Digitalizing Quality Management: What the Food Industry Can Teach Pharma

Digitalizing Quality Management: What the Food Industry Can Teach Pharma

April 29, 2022PAO-04-022-CL-12

In pharma, quality assurance is vital to patient safety and to ensure compliance, but many pharmaceutical manufacturers are still doing their supplier vetting and reporting manually. Gaëlle Jaron of Rephine looks at how the food industry has transformed its supplier quality management processes and at what pharma can learn from its example.

Quality assurance has to run from end to end when it comes to pharmaceutical products, or they cannot be approved for distribution. So, it may seem somewhat strange that supply chains are not subject to more rigorous, systemized scrutiny.

The global food industry has learned the consequences of failed supply chain vigilance the hard way, as contamination issues and other scandals have brought companies into the spotlight. In recent years, most major food retailers have digitalized their supply chain quality management and monitoring, in order to lessen the risk of standards slipping.

Quality and safety are just as critical for pharmaceutical companies, and a huge part of maintaining quality is ensuring that standards are upheld right along the supply chain. However, the manual processes followed by the vast majority of pharma organizations are fraught with risk, as well as being costly due to their labor intensity.

Digitalizing end-to-end supply chain quality monitoring and reporting offers several major advantages. The companies listed below reveal some insights into what has been achieved across the food industry by digitalizing the quality management of their global supply chains. These examples, based on case studies from a Rephine partner, offer some inspirations for equivalent transformations in pharma.

The Big Table Group

The Big Table Group owns and operates the Las Iguana, Bella Italia, and Café Rouge restaurant brands. It was keen to restore growth and capitalize on post-pandemic demand but lacked visibility down its supply chain.

The company undertook a digital mapping exercise that identified 900 additional / previously invisible suppliers. The firm’s quality assurance data is now managed digitally, and a digital risk scoring system heightens accuracy, covering all the company’s suppliers. The company also now captures supplier documentation digitally, such as policies on modern slavery, animal welfare, food safety, and so on.

As well as improving risk mitigation across the end-to-end supply chain, The Big Table Group has been able to streamline new supplier approval and demonstrate responsible operations.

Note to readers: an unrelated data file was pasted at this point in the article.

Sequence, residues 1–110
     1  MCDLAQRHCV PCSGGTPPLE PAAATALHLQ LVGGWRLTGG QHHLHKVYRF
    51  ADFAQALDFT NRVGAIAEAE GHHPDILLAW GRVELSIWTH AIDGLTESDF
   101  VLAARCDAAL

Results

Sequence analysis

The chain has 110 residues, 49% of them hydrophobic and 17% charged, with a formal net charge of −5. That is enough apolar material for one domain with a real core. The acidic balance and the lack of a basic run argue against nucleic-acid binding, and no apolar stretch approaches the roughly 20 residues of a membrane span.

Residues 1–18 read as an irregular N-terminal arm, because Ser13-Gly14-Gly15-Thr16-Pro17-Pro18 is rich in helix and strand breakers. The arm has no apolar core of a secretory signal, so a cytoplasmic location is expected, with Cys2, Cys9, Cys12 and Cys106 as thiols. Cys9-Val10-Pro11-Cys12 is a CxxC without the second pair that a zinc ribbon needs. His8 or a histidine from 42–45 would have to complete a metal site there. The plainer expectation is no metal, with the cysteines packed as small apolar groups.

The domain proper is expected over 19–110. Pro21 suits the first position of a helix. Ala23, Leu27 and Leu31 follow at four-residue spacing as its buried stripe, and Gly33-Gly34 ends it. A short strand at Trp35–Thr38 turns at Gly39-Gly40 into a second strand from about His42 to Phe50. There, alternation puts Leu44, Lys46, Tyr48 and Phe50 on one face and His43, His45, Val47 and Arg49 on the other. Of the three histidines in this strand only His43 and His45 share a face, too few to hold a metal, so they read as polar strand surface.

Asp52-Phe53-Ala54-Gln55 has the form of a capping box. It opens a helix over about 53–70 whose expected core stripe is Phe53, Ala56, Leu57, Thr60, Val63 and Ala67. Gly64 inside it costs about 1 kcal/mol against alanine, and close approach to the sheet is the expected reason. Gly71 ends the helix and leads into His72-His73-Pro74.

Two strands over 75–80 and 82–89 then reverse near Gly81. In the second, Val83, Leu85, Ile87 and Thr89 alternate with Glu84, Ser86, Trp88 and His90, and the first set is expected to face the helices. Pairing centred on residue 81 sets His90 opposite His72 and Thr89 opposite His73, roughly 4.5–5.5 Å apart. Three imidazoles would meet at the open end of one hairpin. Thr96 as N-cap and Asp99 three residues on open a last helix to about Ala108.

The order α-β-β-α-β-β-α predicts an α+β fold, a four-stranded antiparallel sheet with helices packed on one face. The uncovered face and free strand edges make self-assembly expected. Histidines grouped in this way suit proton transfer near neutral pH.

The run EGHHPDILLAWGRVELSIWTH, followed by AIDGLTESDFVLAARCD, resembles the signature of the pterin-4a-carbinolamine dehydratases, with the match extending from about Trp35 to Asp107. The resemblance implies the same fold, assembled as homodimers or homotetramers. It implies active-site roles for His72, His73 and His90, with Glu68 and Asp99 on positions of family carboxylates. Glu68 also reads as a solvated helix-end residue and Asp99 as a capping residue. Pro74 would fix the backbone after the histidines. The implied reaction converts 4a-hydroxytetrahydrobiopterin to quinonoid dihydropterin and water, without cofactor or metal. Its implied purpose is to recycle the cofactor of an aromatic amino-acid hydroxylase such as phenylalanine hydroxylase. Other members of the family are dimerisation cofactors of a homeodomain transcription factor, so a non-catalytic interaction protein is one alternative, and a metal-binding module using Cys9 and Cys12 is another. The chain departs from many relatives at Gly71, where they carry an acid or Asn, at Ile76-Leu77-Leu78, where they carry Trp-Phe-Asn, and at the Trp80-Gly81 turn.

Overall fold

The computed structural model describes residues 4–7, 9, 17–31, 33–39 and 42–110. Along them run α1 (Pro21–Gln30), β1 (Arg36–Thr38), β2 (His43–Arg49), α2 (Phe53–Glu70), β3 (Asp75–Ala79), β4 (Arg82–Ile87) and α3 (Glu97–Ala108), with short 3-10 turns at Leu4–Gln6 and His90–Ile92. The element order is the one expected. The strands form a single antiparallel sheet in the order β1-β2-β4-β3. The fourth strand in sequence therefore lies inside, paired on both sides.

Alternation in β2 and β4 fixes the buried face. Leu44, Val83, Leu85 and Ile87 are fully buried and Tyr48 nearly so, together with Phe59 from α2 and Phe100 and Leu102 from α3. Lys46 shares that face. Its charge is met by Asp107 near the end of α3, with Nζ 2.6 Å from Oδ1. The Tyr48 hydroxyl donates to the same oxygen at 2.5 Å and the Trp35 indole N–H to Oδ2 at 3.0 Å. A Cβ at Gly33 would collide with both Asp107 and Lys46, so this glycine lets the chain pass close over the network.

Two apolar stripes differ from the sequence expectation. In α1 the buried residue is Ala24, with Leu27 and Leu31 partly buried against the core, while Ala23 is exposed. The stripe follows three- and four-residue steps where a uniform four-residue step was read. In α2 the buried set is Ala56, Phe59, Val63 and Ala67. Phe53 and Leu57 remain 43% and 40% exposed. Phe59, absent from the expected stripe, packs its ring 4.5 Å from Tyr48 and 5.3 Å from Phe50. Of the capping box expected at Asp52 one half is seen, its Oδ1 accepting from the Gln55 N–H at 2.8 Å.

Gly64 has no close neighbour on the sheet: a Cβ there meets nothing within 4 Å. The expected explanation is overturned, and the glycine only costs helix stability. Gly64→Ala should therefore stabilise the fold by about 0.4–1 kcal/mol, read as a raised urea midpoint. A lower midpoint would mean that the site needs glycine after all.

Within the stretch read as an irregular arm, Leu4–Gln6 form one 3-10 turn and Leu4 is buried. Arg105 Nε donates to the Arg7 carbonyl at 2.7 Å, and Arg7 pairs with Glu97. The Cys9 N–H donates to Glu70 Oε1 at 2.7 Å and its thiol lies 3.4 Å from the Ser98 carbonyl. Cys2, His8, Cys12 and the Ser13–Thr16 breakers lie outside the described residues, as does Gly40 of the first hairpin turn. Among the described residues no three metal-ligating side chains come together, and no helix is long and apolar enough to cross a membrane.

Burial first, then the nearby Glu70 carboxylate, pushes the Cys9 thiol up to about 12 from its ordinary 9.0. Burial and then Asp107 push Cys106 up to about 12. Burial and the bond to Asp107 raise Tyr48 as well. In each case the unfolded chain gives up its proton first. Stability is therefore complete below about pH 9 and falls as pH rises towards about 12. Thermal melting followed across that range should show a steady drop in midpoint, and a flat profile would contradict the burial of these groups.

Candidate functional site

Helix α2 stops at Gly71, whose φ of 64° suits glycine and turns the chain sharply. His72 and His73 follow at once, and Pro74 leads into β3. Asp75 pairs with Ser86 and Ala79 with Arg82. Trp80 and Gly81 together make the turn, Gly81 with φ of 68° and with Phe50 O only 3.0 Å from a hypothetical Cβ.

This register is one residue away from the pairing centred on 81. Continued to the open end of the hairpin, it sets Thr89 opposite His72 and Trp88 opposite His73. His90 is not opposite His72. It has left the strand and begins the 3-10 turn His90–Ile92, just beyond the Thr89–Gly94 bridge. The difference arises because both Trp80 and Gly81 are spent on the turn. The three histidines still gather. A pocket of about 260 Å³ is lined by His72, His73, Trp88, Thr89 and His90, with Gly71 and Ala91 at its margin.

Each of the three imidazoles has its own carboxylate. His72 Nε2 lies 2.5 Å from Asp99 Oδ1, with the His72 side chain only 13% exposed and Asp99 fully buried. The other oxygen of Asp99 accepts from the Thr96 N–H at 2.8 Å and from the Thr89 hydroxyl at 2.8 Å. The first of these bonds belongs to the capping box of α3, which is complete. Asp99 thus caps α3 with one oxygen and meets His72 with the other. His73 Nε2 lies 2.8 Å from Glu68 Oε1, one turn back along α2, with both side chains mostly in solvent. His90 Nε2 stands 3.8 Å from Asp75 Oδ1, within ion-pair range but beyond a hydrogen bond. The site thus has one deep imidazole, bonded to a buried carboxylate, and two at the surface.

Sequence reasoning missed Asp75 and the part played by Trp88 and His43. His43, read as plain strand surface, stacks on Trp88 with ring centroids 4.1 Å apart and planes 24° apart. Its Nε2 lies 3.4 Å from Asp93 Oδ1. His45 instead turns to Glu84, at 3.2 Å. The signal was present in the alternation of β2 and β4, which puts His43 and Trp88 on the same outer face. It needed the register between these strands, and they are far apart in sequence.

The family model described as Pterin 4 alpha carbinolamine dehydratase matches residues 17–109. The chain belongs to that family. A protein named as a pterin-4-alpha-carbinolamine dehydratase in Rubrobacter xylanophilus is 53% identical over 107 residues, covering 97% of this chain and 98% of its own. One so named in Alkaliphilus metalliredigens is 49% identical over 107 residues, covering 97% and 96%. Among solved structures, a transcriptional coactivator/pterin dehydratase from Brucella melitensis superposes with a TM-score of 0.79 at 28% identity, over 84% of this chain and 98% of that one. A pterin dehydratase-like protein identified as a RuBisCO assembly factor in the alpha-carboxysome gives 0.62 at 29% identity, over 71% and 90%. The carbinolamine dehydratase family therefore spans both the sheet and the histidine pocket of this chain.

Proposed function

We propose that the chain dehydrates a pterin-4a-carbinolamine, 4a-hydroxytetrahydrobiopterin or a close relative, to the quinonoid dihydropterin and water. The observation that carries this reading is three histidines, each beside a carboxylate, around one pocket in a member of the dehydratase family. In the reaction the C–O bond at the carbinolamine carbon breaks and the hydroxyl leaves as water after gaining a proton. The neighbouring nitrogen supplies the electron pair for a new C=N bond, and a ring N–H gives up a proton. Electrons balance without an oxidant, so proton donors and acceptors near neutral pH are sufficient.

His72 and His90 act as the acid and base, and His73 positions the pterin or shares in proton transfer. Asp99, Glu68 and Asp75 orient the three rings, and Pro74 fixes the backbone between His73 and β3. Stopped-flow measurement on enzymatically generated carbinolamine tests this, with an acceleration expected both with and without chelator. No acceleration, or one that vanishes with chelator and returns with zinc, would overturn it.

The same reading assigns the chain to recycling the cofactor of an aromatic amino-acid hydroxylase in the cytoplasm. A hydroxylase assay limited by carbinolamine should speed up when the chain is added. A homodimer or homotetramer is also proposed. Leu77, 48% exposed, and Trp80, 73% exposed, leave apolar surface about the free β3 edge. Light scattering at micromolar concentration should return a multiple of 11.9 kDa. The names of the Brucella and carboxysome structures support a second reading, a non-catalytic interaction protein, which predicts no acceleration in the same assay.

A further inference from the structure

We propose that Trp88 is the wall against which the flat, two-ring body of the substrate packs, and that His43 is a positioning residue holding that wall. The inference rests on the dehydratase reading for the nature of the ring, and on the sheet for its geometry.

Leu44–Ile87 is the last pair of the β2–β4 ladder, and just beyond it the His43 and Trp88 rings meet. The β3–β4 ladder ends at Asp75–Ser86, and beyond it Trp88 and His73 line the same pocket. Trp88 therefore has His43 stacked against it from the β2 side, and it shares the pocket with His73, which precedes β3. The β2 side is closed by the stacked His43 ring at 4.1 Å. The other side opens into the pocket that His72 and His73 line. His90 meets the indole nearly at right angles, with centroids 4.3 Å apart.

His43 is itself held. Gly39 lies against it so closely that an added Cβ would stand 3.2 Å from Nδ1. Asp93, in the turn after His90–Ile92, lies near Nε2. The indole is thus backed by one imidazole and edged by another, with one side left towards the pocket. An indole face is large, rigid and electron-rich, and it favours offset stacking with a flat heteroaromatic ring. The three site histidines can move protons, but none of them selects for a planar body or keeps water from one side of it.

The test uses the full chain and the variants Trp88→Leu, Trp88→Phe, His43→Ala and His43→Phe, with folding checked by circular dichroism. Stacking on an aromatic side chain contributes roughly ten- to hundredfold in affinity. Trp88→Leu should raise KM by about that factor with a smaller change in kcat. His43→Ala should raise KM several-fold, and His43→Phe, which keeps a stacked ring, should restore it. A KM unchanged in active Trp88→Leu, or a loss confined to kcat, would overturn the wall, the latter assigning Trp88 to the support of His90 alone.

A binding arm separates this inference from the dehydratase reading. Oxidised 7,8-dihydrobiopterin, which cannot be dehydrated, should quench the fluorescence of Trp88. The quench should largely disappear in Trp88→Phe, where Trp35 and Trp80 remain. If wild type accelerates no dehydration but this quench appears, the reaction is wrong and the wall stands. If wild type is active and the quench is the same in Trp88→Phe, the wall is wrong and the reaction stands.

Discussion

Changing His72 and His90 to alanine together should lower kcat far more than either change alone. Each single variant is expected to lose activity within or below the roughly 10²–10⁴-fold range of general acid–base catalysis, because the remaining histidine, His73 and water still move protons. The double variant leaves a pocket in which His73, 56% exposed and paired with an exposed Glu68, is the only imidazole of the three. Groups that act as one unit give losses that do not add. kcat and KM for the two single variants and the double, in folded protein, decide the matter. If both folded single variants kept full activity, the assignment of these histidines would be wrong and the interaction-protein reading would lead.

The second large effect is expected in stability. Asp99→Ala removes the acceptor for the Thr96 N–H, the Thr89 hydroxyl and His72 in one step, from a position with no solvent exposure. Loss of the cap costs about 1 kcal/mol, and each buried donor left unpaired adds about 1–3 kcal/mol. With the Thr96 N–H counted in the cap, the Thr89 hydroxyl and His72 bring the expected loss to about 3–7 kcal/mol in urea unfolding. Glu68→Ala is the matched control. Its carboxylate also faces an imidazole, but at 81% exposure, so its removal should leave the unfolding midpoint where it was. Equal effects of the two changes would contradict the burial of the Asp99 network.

In most pharmaceutical firms, risk management is still predominantly performed manually using spreadsheets, but in the future, firms will be expected to monitor all of their suppliers, not just key suppliers, and to do this continuously and in real time, rather than via a one-time “snapshot” every two to three years.

Waitrose

As part of its plan to highlight and foster best practice across its fresh produce supply chain, U.K. supermarket brand Waitrose introduced a Responsible Efficient Production Index.

It digitized performance assessment at farm level, based on a scoring system of assessments, and established a centralized communication system with individual suppliers to promote continuous improvement. Today, the retailer benefits from more consistent data collection across its farms; insights into the relative strengths and weaknesses in the supply chain; and faster feedback/responsiveness.

The pharma industry has lessons to learn from Waitrose’s enhanced ability to share best practice. Driving up supply chain transparency is encouraged by many regulators, even if it is not yet practiced in semi-regulated or non-regulated markets.

Hello Fresh 

Hello Fresh is a recipe box delivery brand. It realized that its supplier data was unstructured, which made it difficult to assess compliance. It also wanted an easier way to regularly follow up with key suppliers about quality issues.

The firm digitized its remote supplier auditing and assessment, supply chain mapping, and specifications management, with KPI tracking across all suppliers. Today, it can access and react to real-time data, and this improved visibility and sense of control should allow it to develop further sustainability initiatives.